With diplomatic relations between Moscow and Washington at their lowest point since the Cold War, one could be forgiven for being alarmed by recent Russian news broadcasts. For the past month, Russian media outlets have been punctuated with reports asking people whether they are ready for nuclear war.
“If it should one day happen, every one of you should know where the nearest bomb shelter is. It’s best to find out now,” according to one particularly fevered report on the Russian state-owned channel, NTV.
Russia’s main current affairs show, hosted by a presenter known by critics as the country’s propagandist-in-chief, recently spent two hours warning that Russia would defend itself with nuclear arms.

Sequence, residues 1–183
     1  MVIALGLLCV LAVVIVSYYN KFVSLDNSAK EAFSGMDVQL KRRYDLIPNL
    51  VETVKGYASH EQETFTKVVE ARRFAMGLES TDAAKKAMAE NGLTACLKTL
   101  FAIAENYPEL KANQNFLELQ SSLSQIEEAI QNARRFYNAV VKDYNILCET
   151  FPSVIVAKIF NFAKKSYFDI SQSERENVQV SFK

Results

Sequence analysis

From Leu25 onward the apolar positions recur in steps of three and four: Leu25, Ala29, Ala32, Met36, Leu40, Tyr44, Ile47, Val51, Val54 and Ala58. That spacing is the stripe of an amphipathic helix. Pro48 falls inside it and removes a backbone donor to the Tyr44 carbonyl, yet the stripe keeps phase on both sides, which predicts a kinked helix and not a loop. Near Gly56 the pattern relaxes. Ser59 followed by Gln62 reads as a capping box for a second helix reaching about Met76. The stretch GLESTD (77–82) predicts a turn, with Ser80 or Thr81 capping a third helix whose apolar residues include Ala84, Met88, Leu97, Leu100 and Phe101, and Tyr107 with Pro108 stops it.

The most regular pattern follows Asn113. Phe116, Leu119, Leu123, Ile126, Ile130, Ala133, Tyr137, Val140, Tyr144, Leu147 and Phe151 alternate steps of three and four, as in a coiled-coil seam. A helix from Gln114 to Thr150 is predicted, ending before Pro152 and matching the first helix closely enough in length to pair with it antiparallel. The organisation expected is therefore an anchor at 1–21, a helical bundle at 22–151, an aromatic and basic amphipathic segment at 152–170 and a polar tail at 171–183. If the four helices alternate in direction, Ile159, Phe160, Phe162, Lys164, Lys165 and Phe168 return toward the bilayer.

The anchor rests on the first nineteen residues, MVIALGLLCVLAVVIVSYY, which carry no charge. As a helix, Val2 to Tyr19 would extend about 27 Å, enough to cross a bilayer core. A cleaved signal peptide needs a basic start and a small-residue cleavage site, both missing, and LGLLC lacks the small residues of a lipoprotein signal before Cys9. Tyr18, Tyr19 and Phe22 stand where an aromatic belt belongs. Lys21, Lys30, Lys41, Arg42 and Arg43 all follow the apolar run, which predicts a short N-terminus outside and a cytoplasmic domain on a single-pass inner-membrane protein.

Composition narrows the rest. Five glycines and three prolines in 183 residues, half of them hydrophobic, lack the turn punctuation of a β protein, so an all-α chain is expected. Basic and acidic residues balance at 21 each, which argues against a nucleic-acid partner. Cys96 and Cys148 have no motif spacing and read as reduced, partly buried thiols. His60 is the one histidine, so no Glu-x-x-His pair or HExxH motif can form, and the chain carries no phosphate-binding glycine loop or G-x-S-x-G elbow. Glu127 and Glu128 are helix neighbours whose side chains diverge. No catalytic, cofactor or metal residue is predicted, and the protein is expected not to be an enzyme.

“We’ve had it with American scolding over Syria,” the show’s host, Evgeny Kiselyov, told his audience. "Impudent behavior,” from the U.S. he said, can take on “nuclear dimensions."
Anti-Americanism is not rare on Russian state news, nor is an inclination for the apocalyptic. More notable than the intensity of the warnings has been how Russian government ministries have joined in the alarms in recent weeks. Since September, Russia has conducted a nationwide civil defense drill, purportedly involving 40 million people, preparing them for catastrophes, among them nuclear fallout. Russia’s military announced who would run the country in the event of war and ran an exercise simulating that in the south. The governor of St. Petersburg clarified what bread rations people could expect should Russia come under attack (300 grams for 20 days).